Selectors in the dock
Is it too early to hire the open-top bus or to the warn the gardeners at Downing Street that a victorious England cricket team might soon be on its way with its own ideas about how to irrigate the flower beds? Just two tests old, this Ashes series is far from over. But England could be forgiven for making the journey from their hotel to Adelaide airport, a trip that will take them down Sir Donald Bradman Drive no less, with at least a couple of skylights open and Jerusalem at half volume. This is England's first victory in a live Ashes on Australian soil for almost a quarter century, and a lop-sided one to boot. Cause for celebration.
"Are you England in disguise?" has been the taunt of the Barmy Army, while scribes in the press box have called Australia the new England. The problem for Ricky Ponting's men, however, is that at times they have looked more like the new Bangladesh: a side against which visiting batsmen look to fill their boots and inflate their averages.
When England was last here in 2006/7, cricket was still a unipolar world, in which Australia was the sole superpower. Given the depletion of its playing resources since then - any team losing legends like Warne, McGrath, Gilchrist, Hayden and Langer was always bound to suffer - the Aussies were never going to retain such complete dominance. But what has been surprising to outsiders, and depressing for Australian fans, is the speed of the team's regression.
Put simply, Cricket Australia has been poor in managing its post-imperial decline.
For a selection policy that has been erratic at best and completely incoherent at worst, the Australian selectors led by Andrew Hilditch must surely shoulder some of the blame. Since the retirement of Shane Warne in 2007, they have played eight different spinners. Then, when they appeared to have settled on Nathan Hauritz, who performed well against Pakistan this time last year, with two five wicket hauls in consecutive tests, he was dumped on the eve of the Ashes.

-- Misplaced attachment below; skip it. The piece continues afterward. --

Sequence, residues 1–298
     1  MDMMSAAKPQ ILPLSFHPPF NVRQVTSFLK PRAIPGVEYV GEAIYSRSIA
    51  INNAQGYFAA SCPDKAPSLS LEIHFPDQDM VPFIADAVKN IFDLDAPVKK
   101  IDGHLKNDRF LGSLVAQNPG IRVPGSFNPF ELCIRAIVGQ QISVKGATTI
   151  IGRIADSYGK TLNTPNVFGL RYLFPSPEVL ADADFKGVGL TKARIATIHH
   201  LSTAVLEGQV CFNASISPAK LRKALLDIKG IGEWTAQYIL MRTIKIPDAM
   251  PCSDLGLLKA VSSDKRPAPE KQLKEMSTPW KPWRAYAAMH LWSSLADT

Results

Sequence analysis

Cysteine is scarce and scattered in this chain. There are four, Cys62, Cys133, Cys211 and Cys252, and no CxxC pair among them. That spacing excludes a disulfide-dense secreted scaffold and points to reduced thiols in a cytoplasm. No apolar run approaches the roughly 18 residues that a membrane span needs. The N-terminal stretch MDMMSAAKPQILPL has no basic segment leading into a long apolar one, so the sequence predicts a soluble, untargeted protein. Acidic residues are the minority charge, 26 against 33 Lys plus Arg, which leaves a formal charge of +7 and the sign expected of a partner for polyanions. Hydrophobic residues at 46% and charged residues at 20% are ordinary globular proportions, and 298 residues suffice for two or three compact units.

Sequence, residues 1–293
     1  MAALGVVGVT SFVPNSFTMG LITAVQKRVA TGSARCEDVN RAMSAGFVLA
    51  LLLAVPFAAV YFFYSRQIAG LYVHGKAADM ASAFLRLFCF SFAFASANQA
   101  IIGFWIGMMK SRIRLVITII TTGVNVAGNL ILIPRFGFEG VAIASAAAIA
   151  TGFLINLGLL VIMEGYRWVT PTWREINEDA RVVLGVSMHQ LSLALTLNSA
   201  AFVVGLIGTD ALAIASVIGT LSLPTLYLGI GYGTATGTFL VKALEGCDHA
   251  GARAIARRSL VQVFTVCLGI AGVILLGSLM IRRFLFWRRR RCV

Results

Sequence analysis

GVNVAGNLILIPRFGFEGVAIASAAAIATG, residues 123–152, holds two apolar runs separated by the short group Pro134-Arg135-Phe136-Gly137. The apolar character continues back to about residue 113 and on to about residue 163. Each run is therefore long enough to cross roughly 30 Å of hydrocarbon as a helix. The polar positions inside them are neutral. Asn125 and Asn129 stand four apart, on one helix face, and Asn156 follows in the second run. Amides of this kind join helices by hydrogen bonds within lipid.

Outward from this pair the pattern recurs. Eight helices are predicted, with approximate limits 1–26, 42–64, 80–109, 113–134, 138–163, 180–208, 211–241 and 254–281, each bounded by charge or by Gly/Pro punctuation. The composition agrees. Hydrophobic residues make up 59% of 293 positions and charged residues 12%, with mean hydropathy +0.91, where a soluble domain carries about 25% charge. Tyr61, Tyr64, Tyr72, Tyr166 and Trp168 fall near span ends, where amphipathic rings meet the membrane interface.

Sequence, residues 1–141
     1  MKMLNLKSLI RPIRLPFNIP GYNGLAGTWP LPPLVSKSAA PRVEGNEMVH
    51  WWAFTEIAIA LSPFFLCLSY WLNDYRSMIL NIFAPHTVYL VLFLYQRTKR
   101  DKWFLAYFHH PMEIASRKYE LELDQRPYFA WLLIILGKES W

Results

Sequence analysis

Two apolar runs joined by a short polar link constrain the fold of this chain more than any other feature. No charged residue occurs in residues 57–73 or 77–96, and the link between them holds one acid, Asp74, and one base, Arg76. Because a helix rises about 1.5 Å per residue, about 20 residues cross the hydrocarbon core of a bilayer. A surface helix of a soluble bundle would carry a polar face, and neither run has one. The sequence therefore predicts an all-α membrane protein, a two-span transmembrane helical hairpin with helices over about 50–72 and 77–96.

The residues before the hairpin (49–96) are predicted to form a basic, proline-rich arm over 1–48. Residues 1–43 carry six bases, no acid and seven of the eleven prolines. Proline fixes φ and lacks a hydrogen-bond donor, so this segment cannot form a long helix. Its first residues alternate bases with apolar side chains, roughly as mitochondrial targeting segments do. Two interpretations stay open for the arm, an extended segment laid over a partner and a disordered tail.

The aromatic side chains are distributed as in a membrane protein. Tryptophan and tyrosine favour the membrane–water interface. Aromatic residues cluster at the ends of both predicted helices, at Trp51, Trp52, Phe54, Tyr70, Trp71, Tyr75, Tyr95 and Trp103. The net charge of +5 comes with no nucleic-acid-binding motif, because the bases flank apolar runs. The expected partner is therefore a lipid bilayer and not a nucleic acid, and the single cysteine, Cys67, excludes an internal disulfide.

In his place, the selectors opted for Xavier Doherty from Tasmania, whose record in first class cricket is modest, and who only recently fought his way back into his state side. As his performances at Brisbane and Adelaide suggested, his talent seems better suited to the Sheffield Shield rather than the test arena.
Since the end of the McGrath/Warne era, Mitchell Johnson has been Australia's only regular match winner with the ball, and yet he, too, was dumped after just one test of this series through lack of form. Johnson has 166 test wickets to his name, and in 2009 was the world's top wicket taker. To tread the dark path of sporting cliché, form is temporary but class is permanent, and many experts think he should have been allowed to play his way back into the wickets.
On the batting front, the opener Phillip Hughes, who is the youngest player ever to have scored centuries in both innings of a test match, has surely been treated harshly. Dropped during the last Ashes series in England because of a technical deficiency against short bowling, he has been badly out of favour with the selectors when he is clearly Australia's best long-term prospect as an opener.
Instead, Shane Watson has been sent in at the top of the innings, even though he appears to belong in the middle order in the place presently occupied by Marcus North. The adopted Western Australian, who seems to start virtually every game with his place on the line, has a test average of 35.48, which offers further statistical proof Australia's decline.
North's possible replacement, Usman Khawaja, was taken to England for the series against Pakistan, not given a game, and then not invited to tour India a few months later. Again, weird.
Ricky Ponting has clearly lost faith in the selectors, as evidenced by his very public disavowal of their decision to drop Johnson. Clearly, he does not think he is taking to the field with Australia's best and most balanced side behind him.
We have spoken before about the departure of the greats, the uneven captaincy of Ponting, and even the dilution of the Baggy Green culture nourished by Steve Waugh, in particular.
This time, however, it is the selectors who might find themselves in the public stocks. They can only hope that the fans and cricket writers hurling the rotten fruit have the accuracy and menace of their favoured Australian attack.
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